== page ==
Four young black men, torn from the world without warning, discover themselves stuck in a nebulous waiting room in the afterlife. While balancing the reality of their past and the uncertainty of their future, their souls try to find peace in Kill Move Paradise by James Ijames, receiving its Chicago premiere February 12 – April 5, 2020 at TimeLine Theatre Company.
Inspired by the ever-growing list of slain unarmed black men and women, Kill Move Paradise is a portrait of those lost—not as statistics, but as heroes who deserve to be seen for the splendid beings they are.
TimeLine Company Member Wardell Julius Clark (he/him) makes his TimeLine mainstage directorial debut staging this New York Times Critic’s Pick play. The cast features Kai A. Ealy (he/him) as Isa, TimeLine Company Member Charles Andrew Gardner (he/him) as Daz, Trent Davis (he/him) as Tiny, and Cage Sebastian Pierre (he/him) as Grif, with Donovan Session (he/him) as Tiny at select performances.
The production team is Ryan Emens (Scenic Designer, he/him), Jason Lynch (Lighting Designer, he/him), Izumi Inaba (Costume Designer, she/her), Jeffrey Levin (Sound Designer, he/him), Mealah Heidenreich (Properties Designer, she/her), Rachel Flesher (Intimacy and Violence Director). Jared Bellot (Dramaturg, he/him), Dina Spoerl (Lobby Display Designer, she/her), Miranda Anderson (Stage Manager, she/her), and Sophie Hoyt (Assistant Director, she/her).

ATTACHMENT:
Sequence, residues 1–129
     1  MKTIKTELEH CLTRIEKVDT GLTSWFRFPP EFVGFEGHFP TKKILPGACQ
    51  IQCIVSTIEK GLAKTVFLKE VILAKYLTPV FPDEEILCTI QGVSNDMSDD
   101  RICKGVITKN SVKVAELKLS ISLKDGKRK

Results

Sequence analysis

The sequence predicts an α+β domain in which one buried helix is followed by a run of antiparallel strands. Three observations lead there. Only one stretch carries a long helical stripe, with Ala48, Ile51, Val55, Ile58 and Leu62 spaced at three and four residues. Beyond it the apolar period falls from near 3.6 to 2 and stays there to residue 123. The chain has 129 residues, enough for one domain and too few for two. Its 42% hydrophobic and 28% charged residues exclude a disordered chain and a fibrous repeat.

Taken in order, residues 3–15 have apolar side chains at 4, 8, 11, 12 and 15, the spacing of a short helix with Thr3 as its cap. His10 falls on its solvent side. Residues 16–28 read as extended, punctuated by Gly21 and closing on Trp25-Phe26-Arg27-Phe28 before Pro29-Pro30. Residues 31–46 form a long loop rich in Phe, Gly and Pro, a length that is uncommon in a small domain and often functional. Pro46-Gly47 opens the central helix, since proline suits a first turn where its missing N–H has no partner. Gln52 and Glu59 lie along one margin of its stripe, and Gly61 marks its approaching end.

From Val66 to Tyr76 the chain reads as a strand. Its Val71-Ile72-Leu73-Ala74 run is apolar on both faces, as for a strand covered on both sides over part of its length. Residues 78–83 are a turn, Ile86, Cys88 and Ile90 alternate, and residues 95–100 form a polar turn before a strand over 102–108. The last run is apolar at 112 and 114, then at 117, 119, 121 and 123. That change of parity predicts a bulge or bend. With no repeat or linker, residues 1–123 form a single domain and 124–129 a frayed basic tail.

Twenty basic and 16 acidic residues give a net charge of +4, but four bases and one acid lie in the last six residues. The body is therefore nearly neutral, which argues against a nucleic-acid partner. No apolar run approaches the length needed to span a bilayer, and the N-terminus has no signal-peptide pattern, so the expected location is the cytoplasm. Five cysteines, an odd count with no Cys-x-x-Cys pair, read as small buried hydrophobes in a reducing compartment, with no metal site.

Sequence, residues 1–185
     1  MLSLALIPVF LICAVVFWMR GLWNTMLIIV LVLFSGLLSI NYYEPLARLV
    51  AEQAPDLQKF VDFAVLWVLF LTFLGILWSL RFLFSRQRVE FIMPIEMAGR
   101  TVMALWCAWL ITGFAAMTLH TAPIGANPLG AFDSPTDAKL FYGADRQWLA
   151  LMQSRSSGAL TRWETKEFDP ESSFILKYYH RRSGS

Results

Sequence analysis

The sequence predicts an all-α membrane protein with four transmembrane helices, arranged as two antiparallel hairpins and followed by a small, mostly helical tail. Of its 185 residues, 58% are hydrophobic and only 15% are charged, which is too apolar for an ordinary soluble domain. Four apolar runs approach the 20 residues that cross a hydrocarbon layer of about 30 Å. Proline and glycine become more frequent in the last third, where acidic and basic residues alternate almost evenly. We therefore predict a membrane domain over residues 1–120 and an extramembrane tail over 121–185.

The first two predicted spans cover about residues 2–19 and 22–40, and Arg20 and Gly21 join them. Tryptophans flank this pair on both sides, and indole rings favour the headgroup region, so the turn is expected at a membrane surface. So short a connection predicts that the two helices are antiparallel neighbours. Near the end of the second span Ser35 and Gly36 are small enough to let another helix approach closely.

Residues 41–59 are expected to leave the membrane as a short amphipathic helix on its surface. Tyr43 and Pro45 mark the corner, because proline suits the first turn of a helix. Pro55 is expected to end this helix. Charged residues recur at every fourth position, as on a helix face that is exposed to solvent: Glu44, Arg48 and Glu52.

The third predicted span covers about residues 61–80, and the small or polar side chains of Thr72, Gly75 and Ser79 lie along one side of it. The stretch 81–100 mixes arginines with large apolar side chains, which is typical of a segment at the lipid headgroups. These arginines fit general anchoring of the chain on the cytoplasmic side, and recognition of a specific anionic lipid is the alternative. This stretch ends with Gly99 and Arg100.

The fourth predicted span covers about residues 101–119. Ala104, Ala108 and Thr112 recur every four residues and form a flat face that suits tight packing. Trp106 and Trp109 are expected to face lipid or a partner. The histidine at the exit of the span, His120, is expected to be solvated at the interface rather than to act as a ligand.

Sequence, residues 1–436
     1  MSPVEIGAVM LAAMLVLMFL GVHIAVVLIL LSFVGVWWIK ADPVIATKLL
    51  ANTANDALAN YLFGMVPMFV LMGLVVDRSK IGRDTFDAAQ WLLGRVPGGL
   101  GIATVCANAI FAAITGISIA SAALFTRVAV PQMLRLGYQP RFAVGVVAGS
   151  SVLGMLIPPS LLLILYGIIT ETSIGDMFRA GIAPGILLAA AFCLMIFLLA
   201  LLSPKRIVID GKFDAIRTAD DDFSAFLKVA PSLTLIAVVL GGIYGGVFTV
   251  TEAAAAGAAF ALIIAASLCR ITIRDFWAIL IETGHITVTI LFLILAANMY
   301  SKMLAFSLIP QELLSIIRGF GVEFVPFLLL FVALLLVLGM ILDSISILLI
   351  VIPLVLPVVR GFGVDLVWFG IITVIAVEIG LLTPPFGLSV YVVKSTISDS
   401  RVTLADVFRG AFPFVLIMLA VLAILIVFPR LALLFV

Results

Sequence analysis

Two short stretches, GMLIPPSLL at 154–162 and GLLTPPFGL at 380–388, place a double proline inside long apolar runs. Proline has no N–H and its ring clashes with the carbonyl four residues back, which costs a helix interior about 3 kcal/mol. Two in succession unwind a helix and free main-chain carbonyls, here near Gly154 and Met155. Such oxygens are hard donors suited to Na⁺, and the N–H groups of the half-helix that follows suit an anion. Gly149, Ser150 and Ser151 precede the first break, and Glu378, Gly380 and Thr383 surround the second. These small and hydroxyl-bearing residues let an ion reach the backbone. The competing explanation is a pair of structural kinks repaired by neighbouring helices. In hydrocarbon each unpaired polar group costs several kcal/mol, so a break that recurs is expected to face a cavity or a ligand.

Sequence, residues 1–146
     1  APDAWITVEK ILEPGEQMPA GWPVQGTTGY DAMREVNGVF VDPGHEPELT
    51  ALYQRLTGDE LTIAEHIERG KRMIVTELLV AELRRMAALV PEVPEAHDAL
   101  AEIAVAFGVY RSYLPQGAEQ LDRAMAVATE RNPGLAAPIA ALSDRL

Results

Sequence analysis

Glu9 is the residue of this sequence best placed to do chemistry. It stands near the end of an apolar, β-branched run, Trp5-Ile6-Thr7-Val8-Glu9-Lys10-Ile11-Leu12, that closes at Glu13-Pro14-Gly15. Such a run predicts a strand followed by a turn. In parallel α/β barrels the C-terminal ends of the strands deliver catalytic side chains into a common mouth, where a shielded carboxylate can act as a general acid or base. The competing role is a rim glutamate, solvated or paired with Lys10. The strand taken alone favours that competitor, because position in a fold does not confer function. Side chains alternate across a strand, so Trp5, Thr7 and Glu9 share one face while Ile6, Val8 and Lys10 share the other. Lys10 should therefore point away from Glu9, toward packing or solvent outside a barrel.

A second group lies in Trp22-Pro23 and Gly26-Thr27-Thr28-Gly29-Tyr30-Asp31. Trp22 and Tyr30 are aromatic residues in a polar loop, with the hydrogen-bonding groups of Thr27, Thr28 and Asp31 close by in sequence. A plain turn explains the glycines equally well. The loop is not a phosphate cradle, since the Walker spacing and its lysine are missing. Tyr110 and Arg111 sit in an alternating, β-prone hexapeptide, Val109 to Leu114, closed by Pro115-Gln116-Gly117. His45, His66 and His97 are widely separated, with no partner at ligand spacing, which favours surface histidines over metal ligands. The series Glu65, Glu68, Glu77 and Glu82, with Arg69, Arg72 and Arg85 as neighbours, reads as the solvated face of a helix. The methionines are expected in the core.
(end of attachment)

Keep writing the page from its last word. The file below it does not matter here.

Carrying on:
Kill Move Paradise begins previews February 12. Press Night is Wednesday, February 19 at 7:30 p.m. Opening Night is February 20. Performances run through April 5, 2020 at TimeLine Theatre, 615 W. Wellington Ave., Chicago. For tickets and information, visit timelinetheatre.com or call the TimeLine Box Office at (773) 281-8463 x6.
ABOUT KILL MOVE PARADISE
With Kill Move Paradise, award-winning playwright James Ijames takes the Elysium of Greek antiquity and flips the script. Set in a netherworld prepared for its newly deceased inhabitants, Isa, Daz, Grif and Tiny confront themselves, each other, and the audience as they try to make sense of the world they have been untimely ripped from and the purgatory they find themselves in. In the end, Kill Move Paradise is a powerful and provocative spin on recent events that illustrates the possibilities of collective transformation and radical acts of joy.
Ijames has described Kill Move Paradise as “an expressionistic buzz saw through the contemporary myth that ‘all lives matter.’” It has been seen at National Black Theatre in Harlem, The Wilma Theatre in Philadelphia, and Know Theatre of Cincinnati, among others. The New York Times wrote that Kill Move Paradise “radiates an urgent and hypnotic theatrical energy.” Philadelphia Magazine called it “a deeply touching evening of theater” and wrote that “Ijames’ writing is vividly, singularly his own [and] has something profound and important to tell us. You shall be moved.” The Cincinnati Inquirer advised audiences to “lean back and allow the impact of it all to wash over you.”
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